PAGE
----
Based on the above dimensions, this paper has formed a threat analysis and risk assessment framework for automotive electronic network security as shown in Figure 5, and refined it into the specific process in Table 1. Its main work products and supporting environment are shown in Figure 6. Figure 5 uses the data flow diagram to analyze the impact level from the perspective of system assets, and uses the attack tree to analyze the threat level from the perspective of the attacker, so as to complete the threat analysis and risk assessment of the system. Data flow graph analysis and attack tree analysis complement each other in the “asset-threat” mapping relationship. The “asset-threat” pair obtained from the data flow graph analysis can be supplemented to the attack tree analysis method. Similarly, from The “asset-threat” pairs obtained in the attack tree analysis method can also be supplemented into the data flow graph analysis method until the “asset-threat” pairs of the two are matched, as shown in Figure 7.
Figure 5 Threat analysis and risk assessment framework for automotive electronic network security
Table 1 Description of Threat Analysis and Risk Assessment Process Activities
Figure 6 Work products and supporting environments of process activities
Figure 7 Threat analysis process of fusion data flow graph and attack tree method
This article uses the FOTA (Firmware Over-The-Air) gateway to illustrate the application of the above threat analysis and risk assessment process. Its application scenarios and functions are shown in Table 2, and the use case diagram of remote control is shown in Figure 8.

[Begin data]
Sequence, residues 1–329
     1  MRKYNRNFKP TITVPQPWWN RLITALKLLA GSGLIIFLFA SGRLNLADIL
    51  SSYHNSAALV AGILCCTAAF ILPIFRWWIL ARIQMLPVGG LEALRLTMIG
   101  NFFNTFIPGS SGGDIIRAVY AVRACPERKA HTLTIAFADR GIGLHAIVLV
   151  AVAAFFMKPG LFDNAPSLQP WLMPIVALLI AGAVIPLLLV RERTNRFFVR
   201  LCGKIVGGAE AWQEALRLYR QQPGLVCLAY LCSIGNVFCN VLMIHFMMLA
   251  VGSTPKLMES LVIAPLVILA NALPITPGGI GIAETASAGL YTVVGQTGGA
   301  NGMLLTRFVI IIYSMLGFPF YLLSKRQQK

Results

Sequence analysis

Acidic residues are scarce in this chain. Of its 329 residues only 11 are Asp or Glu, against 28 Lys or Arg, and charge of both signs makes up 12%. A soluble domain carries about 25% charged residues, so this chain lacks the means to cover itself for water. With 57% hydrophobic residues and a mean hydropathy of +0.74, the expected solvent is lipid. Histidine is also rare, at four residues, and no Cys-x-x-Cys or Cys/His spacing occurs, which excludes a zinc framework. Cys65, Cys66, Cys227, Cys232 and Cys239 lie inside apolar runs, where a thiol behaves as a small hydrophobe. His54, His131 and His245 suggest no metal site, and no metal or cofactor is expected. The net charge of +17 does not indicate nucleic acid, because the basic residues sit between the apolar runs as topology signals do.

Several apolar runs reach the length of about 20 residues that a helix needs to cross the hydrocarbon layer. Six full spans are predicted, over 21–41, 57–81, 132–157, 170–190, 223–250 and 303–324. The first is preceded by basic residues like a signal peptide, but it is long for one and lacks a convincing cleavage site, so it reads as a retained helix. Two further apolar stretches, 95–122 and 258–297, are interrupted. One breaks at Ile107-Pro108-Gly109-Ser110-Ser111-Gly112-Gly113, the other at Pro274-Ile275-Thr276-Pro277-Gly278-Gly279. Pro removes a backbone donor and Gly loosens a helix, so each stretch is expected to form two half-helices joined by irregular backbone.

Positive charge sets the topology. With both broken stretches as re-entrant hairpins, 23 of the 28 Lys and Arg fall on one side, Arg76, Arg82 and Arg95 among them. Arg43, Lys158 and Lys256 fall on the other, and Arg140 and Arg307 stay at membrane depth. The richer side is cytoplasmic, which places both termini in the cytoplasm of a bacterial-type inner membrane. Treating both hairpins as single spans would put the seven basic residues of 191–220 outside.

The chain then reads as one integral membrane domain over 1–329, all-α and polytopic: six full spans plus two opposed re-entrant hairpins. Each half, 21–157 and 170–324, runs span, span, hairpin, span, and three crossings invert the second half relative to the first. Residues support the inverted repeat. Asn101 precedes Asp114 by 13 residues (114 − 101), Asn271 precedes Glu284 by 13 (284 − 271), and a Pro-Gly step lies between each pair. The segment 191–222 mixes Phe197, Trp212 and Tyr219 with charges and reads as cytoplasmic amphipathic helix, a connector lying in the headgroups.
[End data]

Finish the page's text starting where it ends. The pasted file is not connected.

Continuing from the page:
Table 2 Application scenarios and functions of FOTA gateways
Figure 8 FOTA gateway remote control use case diagram
Define functions with users as the core, identify functional modules and assets that implement these functions, and form system architecture diagrams and asset tracking records. The asset tracking records are shown in Table 3.
Table 3 Asset Tracking Record Form for FOTA Gateway Remote Control Use Case (Part)
Next, do data flow graph analysis and attack tree analysis, as shown in Figure 9 and Figure 10, respectively, and cross-comparison, complement and improve each other, summarize and fill in the corresponding threat records, as shown in Table 6.
Figure 9 FOTA gateway remote control module data flow diagram example
Figure 10 FOTA gateway “cannot control air conditioner” attack tree example (part)
Table 6 Threat Synthesis Log Sheet (Part of Threat Tracking Log Sheet)
Finally, a risk assessment is performed to assess the threat level (Table 7), the impact level (Table 8), and then determine the security level of the threat based on the two (Table 9).
Table 7 Vulnerability-Attack Potential Record Form (Part of Threat Track Record Form)
Table 8 Threat Impact Tracker (Part of Threat Tracker)
Table 9 Threat-Security Level Tracking Form (Part of Threat Tracking Form)
This paper improves some current threat analysis and risk assessment technical methods in the automotive field, and proposes a structured and systematic implementation process. At the same time, it applies data flow diagrams (used by HEAVENS and STRIDE methods) and attack trees (used by EVITA). method) to analyze the possible threats to system assets, which makes the analysis of threats more comprehensive. However, the degree of automation of this process method is not high. In the future, it is necessary to further improve the tooling and facilitation of the process, and realize the accumulation of analysis results in the form of a knowledge base, which will be continuously reused for new system analysis.